Science News Round Up: October 2013

Here is the science news, relating to George Mason and the College of Science, that you missed in the month of October 2013:

October 24
George Mason professors pioneer new way to study concussions
Dr. Shane Caswell and Dr. Chip Petricoin use saliva biomarkers to unlock mysteries behind concussions.

October 21
George Mason University Chosen as Center for Teaching Excellence in Virginia
The Virginia Center for Excellence in Teaching will conduct four five-day residential summer academies in 2014 with each academy enrolling 25 teachers chosen from school districts throughout the state. Two academies in June will focus on science, technology, engineering and mathematics (STEM) fields, as well as the humanities and language arts. Academies in July will focus on the fine arts and interdisciplinary studies.

October 15
Vision Series: Kenneth De Jong Discusses Nature-Inspired Computation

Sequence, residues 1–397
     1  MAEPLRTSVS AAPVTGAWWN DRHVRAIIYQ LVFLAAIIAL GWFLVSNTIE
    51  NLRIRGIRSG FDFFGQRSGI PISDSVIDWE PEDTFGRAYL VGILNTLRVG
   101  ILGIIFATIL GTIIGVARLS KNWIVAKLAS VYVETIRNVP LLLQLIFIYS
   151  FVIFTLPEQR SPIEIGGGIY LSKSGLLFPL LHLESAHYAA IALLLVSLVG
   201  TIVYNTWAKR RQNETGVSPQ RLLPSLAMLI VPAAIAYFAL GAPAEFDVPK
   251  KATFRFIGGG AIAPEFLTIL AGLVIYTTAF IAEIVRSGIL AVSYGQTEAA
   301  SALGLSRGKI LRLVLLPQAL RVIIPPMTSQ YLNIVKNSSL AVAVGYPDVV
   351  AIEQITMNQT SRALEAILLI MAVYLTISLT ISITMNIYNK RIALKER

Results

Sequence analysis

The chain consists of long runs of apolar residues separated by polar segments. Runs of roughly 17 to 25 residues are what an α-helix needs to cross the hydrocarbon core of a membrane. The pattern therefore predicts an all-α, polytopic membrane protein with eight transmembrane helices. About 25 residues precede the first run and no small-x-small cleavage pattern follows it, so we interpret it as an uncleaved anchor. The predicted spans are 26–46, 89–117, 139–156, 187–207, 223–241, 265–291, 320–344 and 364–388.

In his Vision Series talk, George Mason University computer science professor Kenneth De Jong will describe how popular nature-inspired techniques are influencing computational sciences and will illustrate their application to important problems in computer science and engineering.

October 10
Danger: Academics Studying Beer! (Chicago Tribune membership required)
Excerpt: Imagine you had an accident – you fell and cut yourself – and needed to go to the emergency room. Imagine, too, that you had been drinking beforehand.
Co-written by Rebecca Goldin, PhD, Professor of Mathematical Sciences

October 8
Dr. Kylene Kehn-Hall 2013 Mason Emerging Researcher Award
Dr. Kylene Kehn-Hall will receive the Emerging Researcher award from Vikas Chandhoke, Vice President for Research and Economic Development, at the Celebration of Achievements ceremony on be Monday, Nov. 11th.

October 2
The Forecast Is…Murky: The Uncertainties of Weather Prediction
Predicting weather and climate change has long been a delicate process, and Mason’s Zafer Boybeyi is the first to admit that even with today’s technology, certain aspects of the science remain largely unpredictable.

October 2
Let Science Set the Facts
Thomas Lovejoy, ESP professor, recently contributed an opinion piece for The New York Times.

October 1
Accolades for Forensic Science Program
Dr. William Whildin was selected by ForensicsColleges.com as one of the top 10 Forensic Science professors to follow!

Did we miss your student, faculty or alumni news? Let us know! Email kjonesw@gmu.edu to see it added to the monthly news round up, and spotlighted by COS social media accounts.